A negative financial update from Advanced Micro Devices Inc. (AMD) late on Monday raised a potentially ominous sign for semiconductor stocks ahead of Tuesday's bellwether earnings report from Intel Corp. (INTC).

Analysts expect Intel, the world's largest chip maker, to report an 11 percent increase in sales from the third quarter to the fourth, driven by strong demand for microprocessors used in notebook and server computers. The update will be the first quarterly report this year from a major U.S. technology company.

But a long-running price war between Intel and AMD in a separate business — flash memory chips (search) used predominantly in cellular phones — has limited both companies' profits, and appears to be intensifying. Like other kinds of memory chips, flash tends to trade like a commodity, so price cuts by one supplier can be felt industrywide.

In an unscheduled financial update after the market close, AMD pointed to a "competitive and challenging" environment for flash memory, a business that has AMD and Intel jockeyeing for leadership. AMD said sales in that business would fall, reversing an earlier forecast for flat-to-higher sales.

After the news, JMP Securities cut its investment rating on AMD and said the company should consider divesting the flash business, which is run along with Japan's Fujitsu Ltd. (search) as a joint venture called Spansion.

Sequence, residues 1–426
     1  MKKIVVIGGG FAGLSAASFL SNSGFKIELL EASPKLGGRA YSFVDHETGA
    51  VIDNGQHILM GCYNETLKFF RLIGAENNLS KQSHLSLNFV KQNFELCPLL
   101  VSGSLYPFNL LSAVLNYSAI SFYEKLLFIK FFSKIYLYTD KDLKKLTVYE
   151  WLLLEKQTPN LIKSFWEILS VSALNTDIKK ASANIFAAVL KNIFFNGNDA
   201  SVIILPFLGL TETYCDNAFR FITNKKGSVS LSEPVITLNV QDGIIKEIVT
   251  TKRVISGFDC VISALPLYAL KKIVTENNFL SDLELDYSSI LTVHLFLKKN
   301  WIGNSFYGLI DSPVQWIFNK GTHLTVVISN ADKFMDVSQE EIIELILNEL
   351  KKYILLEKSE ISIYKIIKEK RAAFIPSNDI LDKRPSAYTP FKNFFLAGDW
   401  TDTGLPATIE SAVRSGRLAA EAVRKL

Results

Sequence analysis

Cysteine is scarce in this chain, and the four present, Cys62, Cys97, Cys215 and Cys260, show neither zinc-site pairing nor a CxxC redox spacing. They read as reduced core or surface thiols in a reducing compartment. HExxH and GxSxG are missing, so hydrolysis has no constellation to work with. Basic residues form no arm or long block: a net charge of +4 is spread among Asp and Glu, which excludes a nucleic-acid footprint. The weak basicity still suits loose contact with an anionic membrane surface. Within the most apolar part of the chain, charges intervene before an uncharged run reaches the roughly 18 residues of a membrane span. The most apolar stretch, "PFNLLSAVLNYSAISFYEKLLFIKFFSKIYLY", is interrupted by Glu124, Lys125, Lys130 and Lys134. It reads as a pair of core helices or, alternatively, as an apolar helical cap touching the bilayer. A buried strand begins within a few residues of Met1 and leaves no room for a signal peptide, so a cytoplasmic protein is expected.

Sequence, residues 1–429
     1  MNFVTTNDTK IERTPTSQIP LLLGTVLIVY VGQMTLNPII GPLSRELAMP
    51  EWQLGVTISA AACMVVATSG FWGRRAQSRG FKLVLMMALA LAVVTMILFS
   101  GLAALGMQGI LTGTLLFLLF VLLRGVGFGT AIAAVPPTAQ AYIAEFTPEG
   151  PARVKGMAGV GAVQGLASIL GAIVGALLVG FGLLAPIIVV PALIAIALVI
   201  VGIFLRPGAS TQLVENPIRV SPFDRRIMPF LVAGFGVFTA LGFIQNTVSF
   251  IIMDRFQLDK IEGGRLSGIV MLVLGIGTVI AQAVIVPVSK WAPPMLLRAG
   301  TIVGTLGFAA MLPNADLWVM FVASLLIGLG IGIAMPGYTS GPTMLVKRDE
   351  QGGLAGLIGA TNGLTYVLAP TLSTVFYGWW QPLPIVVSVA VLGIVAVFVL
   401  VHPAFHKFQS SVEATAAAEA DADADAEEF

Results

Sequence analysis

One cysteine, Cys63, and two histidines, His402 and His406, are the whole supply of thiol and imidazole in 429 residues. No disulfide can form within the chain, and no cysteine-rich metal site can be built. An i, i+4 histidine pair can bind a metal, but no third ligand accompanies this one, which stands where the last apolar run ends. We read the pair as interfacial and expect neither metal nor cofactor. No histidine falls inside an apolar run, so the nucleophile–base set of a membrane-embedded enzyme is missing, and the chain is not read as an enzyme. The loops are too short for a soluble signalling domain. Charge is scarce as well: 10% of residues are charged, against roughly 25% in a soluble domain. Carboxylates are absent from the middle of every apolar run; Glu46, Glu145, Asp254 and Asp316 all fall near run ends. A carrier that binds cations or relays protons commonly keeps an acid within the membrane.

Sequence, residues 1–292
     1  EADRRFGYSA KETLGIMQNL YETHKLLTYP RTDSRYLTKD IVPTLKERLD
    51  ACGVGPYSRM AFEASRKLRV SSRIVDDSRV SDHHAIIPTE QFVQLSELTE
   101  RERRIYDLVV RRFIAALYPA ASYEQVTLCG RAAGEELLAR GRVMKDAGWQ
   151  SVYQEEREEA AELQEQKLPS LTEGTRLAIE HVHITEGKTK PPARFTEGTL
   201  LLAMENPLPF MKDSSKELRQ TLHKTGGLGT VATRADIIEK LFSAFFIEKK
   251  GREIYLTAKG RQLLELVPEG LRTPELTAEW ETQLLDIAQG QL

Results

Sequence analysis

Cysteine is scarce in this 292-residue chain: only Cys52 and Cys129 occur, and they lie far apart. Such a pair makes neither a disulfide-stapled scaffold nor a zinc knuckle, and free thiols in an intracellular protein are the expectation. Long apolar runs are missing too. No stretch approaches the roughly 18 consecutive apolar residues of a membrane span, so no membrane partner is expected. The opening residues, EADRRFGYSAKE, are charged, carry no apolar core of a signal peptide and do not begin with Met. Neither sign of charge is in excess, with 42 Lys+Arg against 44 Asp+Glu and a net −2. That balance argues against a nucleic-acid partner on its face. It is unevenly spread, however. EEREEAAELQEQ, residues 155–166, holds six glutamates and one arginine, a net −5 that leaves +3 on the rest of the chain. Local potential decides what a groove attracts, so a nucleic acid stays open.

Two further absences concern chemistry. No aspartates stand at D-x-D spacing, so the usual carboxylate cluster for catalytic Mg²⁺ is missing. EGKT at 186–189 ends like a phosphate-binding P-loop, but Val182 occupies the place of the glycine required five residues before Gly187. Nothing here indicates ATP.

Flash remains a relatively small business for Intel, accounting for an estimated 7 percent of its more than $8 billion in sales last quarter, but it has nevertheless been a thorn in the side of the company.

Memory chips form the core of the company's money-losing communications business, and have put Intel in a seemingly no-win situation: when it ignored pressures to cut flash memory prices, the company suffered painful market share losses. Yet when it has cut flash prices to stay competitive, it lowered its overall profit margins.

At the same time, the business is not expected to grow, according to a recent report by ThinkEquity Research.

"We believe the total flash market will remain basically flat over the next several years," analyst Eric Ross wrote in a research note on Monday.

Flash memory problems are nothing new for either Intel or AMD. Both companies blamed the business for spoiling their third-quarter financial forecasts.

A prescient research report from iSuppli Corp. (search) at the time warned of continuing price declines over the next four quarters as suppliers increased production, and the effects spread from Intel's re-entry into the non-cellular phone segment of flash memory.